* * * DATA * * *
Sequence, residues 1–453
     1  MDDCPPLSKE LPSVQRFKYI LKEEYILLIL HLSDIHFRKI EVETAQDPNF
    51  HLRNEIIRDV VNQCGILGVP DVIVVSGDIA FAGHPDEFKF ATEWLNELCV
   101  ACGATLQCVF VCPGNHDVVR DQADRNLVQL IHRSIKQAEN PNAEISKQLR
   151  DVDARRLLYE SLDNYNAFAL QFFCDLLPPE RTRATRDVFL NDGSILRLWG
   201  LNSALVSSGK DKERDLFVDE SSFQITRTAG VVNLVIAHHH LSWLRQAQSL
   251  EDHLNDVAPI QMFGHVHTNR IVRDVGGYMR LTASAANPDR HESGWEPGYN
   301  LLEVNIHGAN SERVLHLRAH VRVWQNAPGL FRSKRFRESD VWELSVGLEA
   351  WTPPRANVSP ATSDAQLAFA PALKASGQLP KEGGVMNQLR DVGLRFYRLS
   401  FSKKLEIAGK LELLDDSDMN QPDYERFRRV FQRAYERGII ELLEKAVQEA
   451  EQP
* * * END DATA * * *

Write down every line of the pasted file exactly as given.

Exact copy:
Sequence, residues 1–453
     1  MDDCPPLSKE LPSVQRFKYI LKEEYILLIL HLSDIHFRKI EVETAQDPNF
    51  HLRNEIIRDV VNQCGILGVP DVIVVSGDIA FAGHPDEFKF ATEWLNELCV
   101  ACGATLQCVF VCPGNHDVVR DQADRNLVQL IHRSIKQAEN PNAEISKQLR
   151  DVDARRLLYE SLDNYNAFAL QFFCDLLPPE RTRATRDVFL NDGSILRLWG
   201  LNSALVSSGK DKERDLFVDE SSFQITRTAG VVNLVIAHHH LSWLRQAQSL
   251  EDHLNDVAPI QMFGHVHTNR IVRDVGGYMR LTASAANPDR HESGWEPGYN
   301  LLEVNIHGAN SERVLHLRAH VRVWQNAPGL FRSKRFRESD VWELSVGLEA
   351  WTPPRANVSP ATSDAQLAFA PALKASGQLP KEGGVMNQLR DVGLRFYRLS
   401  FSKKLEIAGK LELLDDSDMN QPDYERFRRV FQRAYERGII ELLEKAVQEA
   451  EQP